I am sure we all have been wondering about the shift. I have my own rationale, potential solution and would like to share. I believe there are opportunities to innovate and we can capitalize on them.

I speculate and believe the industry moved for combination of the following reasons.

1. Environmental laws
2. Health and Safety laws
3. Significantly lower labor costs in the third world countries.
4. We did not invest in the technologies to improve processes.

In early seventies, the developed countries were adopting new environmental protection laws. They seemed unrealistic and unachievable [this is based on my being at a state EPA] to some. Many complied. For some it was easier to shut down rather than invest in the complying technologies. In my view, improving process technologies was a missed innovation opportunity. The chemicals were needed and since there was a need, companies in China and India filled in the supply gap.

India and China also had advantage of Rupee/Yuan/Dollar parity. This made investments in their country cheaper.

Laxity of health and safety laws persists in the developing countries. The associated expenses are low compared to the developed countries. In my recent trips, I saw workers with open toe shoes, without safety glasses, wearing street cloths and eating meals on the operating floor. These might not be across the board but is there. Human life needs to be valued as an asset.

Environmental laws are comparatively lax also compared to the laws in the developed countries. Thus, the respective investment in pollution abatement is lower. I have seen multi-colored water bodies next to the plants. Abatement of eco-toxicity is not a high priority. In the developed countries endocrine disruptors have been found in the drinking waters. I am sure these and other chemicals exist in the water in the developing countries also and the scale is different.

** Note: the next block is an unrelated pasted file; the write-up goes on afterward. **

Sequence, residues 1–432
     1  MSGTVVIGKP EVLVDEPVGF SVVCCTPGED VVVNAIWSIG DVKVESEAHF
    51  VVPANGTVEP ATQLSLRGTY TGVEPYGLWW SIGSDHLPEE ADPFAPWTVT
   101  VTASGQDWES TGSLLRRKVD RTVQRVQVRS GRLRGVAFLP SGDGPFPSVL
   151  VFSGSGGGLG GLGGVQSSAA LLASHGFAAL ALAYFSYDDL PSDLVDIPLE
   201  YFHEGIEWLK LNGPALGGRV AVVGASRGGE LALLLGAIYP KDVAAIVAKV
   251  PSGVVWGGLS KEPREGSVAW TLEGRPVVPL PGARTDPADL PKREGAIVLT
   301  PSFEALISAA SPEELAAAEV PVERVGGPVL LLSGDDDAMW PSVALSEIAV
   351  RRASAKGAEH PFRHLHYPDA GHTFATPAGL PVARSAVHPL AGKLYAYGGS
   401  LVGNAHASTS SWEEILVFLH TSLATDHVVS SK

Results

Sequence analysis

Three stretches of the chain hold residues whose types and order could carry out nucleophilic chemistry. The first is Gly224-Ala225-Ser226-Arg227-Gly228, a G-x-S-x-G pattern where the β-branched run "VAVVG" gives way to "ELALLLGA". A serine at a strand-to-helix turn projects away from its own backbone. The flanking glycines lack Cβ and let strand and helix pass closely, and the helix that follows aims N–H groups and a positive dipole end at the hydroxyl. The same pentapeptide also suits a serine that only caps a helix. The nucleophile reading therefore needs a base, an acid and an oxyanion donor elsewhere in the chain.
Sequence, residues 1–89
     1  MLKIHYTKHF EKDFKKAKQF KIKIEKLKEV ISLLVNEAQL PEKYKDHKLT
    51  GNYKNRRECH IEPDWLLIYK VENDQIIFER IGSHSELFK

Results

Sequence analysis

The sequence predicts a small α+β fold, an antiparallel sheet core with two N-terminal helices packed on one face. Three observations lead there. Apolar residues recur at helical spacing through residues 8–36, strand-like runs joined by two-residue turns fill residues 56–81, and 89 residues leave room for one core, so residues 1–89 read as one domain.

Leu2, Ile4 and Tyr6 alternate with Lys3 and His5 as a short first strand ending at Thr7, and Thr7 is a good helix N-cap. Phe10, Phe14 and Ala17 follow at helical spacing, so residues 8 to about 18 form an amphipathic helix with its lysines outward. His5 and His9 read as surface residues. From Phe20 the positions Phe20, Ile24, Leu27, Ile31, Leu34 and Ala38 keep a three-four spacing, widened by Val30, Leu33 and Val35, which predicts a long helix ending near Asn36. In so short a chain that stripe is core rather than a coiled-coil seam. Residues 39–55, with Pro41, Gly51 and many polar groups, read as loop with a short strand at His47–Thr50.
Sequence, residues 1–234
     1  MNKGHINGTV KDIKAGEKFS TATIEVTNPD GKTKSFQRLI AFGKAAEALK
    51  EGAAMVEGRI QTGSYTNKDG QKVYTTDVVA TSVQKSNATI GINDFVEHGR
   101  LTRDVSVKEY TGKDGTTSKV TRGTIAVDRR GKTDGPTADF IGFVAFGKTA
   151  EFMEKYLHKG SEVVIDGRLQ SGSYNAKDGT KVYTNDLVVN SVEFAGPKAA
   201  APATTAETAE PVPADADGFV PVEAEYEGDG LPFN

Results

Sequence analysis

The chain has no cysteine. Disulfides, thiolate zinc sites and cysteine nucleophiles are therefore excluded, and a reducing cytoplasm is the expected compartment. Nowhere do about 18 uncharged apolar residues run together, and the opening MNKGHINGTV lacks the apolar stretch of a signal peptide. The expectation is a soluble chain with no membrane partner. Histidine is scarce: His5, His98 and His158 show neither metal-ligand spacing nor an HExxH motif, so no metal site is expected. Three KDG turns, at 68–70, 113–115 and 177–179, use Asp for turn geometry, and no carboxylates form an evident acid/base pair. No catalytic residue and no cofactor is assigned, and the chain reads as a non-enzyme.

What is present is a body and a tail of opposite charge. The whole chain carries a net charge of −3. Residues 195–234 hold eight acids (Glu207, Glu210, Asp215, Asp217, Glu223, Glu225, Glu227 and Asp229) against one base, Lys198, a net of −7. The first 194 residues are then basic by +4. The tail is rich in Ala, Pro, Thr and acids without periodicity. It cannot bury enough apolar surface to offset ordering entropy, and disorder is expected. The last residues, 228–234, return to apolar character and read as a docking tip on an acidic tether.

Labor costs in China and India are magnitude levels lower than the costs in the developed countries e.g. a plant operator in India could be paid $200 per month (we have to recognize high Yuan/Rupee/Dollar parity) compared to $4000.00 per month or more in US.

Combination of the above factors has resulted in China, India and some of the East European countries making the fine and specialty chemicals to feed the insatiable need for these chemicals in the developed countries.

As the time has progressed, these suppliers found that their products were being used to produce the active pharmaceutical ingredients or other higher valued products i.e. moving up the supply chain. These companies also moved up the supply chain. These have resulted in additional plant closures in the developed countries.

With time the costs in the developing countries are going up as they incorporate better safety, health and environmental laws but are not to the levels in the developed countries. They still have price advantage and customers wiling to purchase their products.

Now we have a situation where many of the pharma APIs and other strategic drugs and products are coming from China and India. This is discomforting as expressed in a recent New Times article. Drug Making’s Move Abroad Stirs Concerns.

We have to recognize that the pharmaceutical and other companies are buying products (API, intermediates and fine specialty chemicals) from the companies in India and China who are alleged not to be playing by the rules companies in the developed countries have to live by. It is a demand and supply question and rules in every country are different.